I've been a president for exactly 70 days and there are still mornings when I wake up and pinch myself to make sure this is not a dream. I remember what it felt like on June 30, the night before my official start date of July 1. I thought I was a kid on Christmas Eve, waiting to open the big gift on Christmas morning. My nerves were completely out of control and I may have slept for no more than one hour. There was this nagging feeling inside me that made me feel as if this experience was not real. After all, I am the first African American and fourth woman to serve as president in the college's 78-year history. This is the stuff you read about happening to someone else. Never did I think people would be reading a story about me, making history as the first.
There were times in my 70 day tenure when I second guessed myself about the smallest decisions. There were also moments of doubt. Did I handle this situation correctly? Did they understand what I was trying to say in that meeting? Am I as intelligent as I really think I am? Can I really make a difference? Do I deserve to be here? This is called the "Impostor Syndrome."
Please do not pretend I am the only one that has "suffered" from this so-called diagnosis. You worked extra hard to get to where you are. You've earned the degrees, gained the experience, proven yourself time and time again to others, but there is still that little voice inside that asks if this is real. As a student of a Historically Black College and University we were taught that we had to work twice as hard to gain a seat at the table. It reminds me of the Scandal episode when Olivia was getting a good tongue lashing by Rowan (AKA Papa Pope). His famous line stands true to this day. "You have to be twice as good as them to get half of what they have."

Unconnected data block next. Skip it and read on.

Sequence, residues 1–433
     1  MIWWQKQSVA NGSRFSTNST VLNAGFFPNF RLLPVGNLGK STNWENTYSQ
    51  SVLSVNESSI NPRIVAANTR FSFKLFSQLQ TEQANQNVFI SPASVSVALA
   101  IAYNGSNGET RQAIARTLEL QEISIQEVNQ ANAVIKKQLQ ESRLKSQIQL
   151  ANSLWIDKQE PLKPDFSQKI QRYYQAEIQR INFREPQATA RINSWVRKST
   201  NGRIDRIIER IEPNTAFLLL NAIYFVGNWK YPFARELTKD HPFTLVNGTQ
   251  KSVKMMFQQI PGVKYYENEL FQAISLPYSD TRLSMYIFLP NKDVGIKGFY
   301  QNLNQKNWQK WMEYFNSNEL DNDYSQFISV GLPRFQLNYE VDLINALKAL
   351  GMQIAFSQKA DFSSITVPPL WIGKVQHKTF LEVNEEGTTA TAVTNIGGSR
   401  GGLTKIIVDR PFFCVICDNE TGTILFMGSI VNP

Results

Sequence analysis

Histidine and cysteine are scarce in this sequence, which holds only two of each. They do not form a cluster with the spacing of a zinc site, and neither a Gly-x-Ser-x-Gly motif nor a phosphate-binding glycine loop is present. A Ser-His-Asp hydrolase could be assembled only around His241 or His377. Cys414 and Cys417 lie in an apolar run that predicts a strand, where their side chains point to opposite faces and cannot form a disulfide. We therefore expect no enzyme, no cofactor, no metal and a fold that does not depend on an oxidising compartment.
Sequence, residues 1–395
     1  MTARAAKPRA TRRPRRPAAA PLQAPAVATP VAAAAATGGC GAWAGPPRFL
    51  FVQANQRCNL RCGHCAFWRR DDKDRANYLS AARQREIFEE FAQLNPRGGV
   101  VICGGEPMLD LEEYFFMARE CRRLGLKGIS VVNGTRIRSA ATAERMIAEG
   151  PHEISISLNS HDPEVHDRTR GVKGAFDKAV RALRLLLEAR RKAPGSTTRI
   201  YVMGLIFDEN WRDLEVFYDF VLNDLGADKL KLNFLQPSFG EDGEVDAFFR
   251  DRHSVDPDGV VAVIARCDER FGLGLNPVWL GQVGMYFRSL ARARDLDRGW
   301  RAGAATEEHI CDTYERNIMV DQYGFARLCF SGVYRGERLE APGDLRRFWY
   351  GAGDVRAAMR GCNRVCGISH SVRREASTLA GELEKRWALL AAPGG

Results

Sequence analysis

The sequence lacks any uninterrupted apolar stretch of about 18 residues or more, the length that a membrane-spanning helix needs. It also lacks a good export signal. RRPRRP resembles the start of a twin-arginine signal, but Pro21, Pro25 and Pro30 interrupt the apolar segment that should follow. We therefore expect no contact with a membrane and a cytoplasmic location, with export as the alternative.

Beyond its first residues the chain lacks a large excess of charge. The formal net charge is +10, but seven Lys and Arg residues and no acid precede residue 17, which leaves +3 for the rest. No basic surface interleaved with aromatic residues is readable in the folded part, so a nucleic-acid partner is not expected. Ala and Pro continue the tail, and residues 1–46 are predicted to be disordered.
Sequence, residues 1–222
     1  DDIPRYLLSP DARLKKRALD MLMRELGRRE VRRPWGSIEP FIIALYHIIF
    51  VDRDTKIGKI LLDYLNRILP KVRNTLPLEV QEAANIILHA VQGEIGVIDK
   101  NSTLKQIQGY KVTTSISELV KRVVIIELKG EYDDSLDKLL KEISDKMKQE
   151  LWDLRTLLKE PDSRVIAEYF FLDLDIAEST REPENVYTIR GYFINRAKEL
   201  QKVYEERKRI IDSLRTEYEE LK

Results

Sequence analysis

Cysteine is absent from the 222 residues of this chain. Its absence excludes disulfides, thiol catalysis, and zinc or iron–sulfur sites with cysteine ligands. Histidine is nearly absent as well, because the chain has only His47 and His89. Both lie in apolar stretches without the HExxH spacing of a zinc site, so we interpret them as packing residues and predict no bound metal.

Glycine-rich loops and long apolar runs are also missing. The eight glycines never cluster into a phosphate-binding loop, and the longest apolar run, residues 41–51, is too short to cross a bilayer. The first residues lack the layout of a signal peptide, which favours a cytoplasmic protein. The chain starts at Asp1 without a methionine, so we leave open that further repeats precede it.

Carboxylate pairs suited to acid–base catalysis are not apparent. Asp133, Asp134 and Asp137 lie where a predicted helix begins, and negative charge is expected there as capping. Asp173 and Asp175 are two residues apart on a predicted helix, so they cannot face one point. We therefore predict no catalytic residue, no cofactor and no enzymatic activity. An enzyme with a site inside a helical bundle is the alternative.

Women especially have a difficult time accepting and acknowledging their own accomplishments. When you finally get that half or whole seat at the table, we remain convinced that somehow our experience is not good enough. Sheridan Francis notes that "Black women are taught to be strong, resilient, and unshakable...because we are taught that these characteristics are necessary to survive a societal system built on oppression and inequality." My point here is that I am human too. After ten weeks as president I have come to understand that I am not an impostor and I worked just as hard as the next person to make it to this level. Every morning before I leave my husband gives me a kiss and says, "you earned it, you deserve it, now go do it."
When good things come your way, say yes, and accept them without question. Never doubt your abilities and the effort you made because you are not an impostor. You earned your seat at the table. Hold on to it and execute as you have always done, because there is a community waiting for you and ready to support the change you will bring. Let your work speak for itself, ask the right questions, lead with integrity, and know that you have what it takes.
"No one can make you feel inferior without your consent."